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New York Program Aims to Speed Up Malpractice Resolutions


A New York-based program could help minimize the expense and stress malpractice lawsuits have on physicians and their insurers. But how feasible is it?

A New York-based program could help minimize the expense and stress malpractice lawsuits have on physicians and their insurers. But how feasible is it?

The approach, pioneered in 2002 and dubbed a “judge-directed negotiation,” requires a judge with expertise in medical matters to become involved in a medical malpractice case as soon as a lawsuit is filed, according to the Washington Post. This judge supervises the entire malpractice case and brings the involved parties together to discuss the case and hopefully, help bring about a settlement.

What happens in a typical malpractice lawsuit is very different. A pre-trial discovery phase occurs - which can last for months or years - and generally no single judge is assigned a case until much later in the court process. In the New York approach, since a judge becomes more involved in a case at the beginning of the lawsuit, the hope is that he can help move the process along more quickly.

Richard Tisinger, Jr., a malpractice attorney based in Carrollton, Ga., told Physicians Practice via e-mail the new approach could be “effective” but the key is the skill of the judge handling the cases.

“Having an experienced and knowledgeable judge can make a big difference in moving the case more quickly and getting the parties to discuss resolution of the case,” he said. “The judge can't force anyone to settle, but can be persuasive to the parties about what a jury might do in the case. The system will not be a panacea, but it will help.”

The new approach is already showing signs of promise. A typical medical malpractice case takes three years from the date a claim is filed until the case is closed, Michelle M. Mello, a professor of law and public health at Harvard’s School of Public Health, told the Post. Cases heard in the New York program typically close within six months to nine months.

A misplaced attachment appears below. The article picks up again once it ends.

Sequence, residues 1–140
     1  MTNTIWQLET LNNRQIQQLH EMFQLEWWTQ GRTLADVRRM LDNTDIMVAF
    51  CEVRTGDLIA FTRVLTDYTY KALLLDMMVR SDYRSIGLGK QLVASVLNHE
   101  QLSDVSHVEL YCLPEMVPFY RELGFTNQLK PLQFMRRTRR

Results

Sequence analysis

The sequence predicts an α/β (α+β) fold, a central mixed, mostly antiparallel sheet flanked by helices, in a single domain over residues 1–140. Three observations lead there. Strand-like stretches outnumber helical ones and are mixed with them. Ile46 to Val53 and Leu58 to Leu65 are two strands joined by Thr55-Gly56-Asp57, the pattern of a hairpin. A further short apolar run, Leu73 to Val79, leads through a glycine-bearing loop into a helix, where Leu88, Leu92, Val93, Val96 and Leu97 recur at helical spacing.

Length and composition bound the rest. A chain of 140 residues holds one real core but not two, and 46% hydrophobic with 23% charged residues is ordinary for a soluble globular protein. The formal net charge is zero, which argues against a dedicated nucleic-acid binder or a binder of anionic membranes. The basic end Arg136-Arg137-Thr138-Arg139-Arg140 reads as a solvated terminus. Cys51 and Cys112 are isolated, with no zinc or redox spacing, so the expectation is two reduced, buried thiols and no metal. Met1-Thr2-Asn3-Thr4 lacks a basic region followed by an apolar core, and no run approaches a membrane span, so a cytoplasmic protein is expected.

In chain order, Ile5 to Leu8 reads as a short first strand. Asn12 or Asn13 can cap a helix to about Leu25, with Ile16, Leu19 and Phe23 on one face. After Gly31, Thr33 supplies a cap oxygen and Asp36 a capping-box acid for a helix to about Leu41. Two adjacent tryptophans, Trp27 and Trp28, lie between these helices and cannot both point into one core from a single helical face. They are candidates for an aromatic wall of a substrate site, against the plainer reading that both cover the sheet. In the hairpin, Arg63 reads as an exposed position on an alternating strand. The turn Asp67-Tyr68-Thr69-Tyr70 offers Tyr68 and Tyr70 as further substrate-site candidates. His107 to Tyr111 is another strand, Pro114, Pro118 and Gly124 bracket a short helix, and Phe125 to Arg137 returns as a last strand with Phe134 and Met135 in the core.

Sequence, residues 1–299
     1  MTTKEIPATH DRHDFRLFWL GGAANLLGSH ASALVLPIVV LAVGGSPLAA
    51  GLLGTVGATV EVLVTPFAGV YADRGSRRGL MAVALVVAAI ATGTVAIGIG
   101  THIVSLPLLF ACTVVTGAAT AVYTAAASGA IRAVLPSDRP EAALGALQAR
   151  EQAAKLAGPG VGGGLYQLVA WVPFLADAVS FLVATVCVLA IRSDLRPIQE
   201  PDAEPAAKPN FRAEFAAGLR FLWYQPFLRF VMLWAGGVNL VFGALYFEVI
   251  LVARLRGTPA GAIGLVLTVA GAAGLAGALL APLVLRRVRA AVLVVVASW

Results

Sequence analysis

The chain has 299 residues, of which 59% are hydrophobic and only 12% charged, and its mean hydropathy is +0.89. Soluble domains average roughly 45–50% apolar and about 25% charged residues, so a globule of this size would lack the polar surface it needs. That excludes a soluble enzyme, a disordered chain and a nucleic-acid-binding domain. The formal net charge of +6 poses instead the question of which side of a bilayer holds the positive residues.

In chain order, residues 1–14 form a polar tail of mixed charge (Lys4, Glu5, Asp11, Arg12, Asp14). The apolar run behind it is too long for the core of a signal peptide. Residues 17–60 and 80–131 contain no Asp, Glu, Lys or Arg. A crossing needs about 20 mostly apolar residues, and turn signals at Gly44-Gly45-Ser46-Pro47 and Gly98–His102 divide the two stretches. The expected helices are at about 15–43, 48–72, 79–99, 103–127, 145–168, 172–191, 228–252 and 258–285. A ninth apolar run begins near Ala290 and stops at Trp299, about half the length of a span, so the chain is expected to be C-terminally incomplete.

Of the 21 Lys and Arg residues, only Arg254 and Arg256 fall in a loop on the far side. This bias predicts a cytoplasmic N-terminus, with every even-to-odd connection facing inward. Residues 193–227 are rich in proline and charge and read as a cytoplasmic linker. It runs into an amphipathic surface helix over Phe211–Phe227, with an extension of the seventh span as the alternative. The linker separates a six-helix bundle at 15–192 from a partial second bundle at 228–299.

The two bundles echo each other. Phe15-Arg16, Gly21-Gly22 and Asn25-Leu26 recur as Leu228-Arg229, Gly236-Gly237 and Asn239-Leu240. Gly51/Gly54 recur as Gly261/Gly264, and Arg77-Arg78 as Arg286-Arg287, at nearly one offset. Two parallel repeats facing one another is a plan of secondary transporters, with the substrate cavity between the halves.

Attorney Randy Cangelosi, based in Baton Rouge, La., told Physicians Practice in an e-mail that the program is a “positive way” to promote efficiencies in the handling of malpractice cases.

“Anyone who litigates regularly will tell you that any idea that seeks resolution sooner rather than later is a positive one,” he said. “Also, early resolution of cases with a mediator or judge that is knowledgeable, or has special knowledge, in medical matters can help to promote and benefit the interests of the patients and the healthcare providers, while benefiting the legal system as a whole.”

Still, Cangelosi cautioned the program might not be practical for all malpractice cases. The key issue, he said, is that the approach presumes that the healthcare provider or the plaintiff wants to settle. Of course, this is often not the case.

“A lot of physicians would rather try the case than settle because it is important to them to defend their care and their reputation,” he said. “If there is a settlement, that will very likely subject the healthcare provider to reporting the settlement to the National Practitioner Data Bank and/or the state medical licensing board, which is a significant deterrent to numerous settlements.”

So far, some 200 malpractices cases have taken part in the New York Program, though not all have completed it. Policy experts say the program could provide a national model for handling medical liability cases, according to the Post.

Let us know: What do you think of this new approach to medical malpractice cases?

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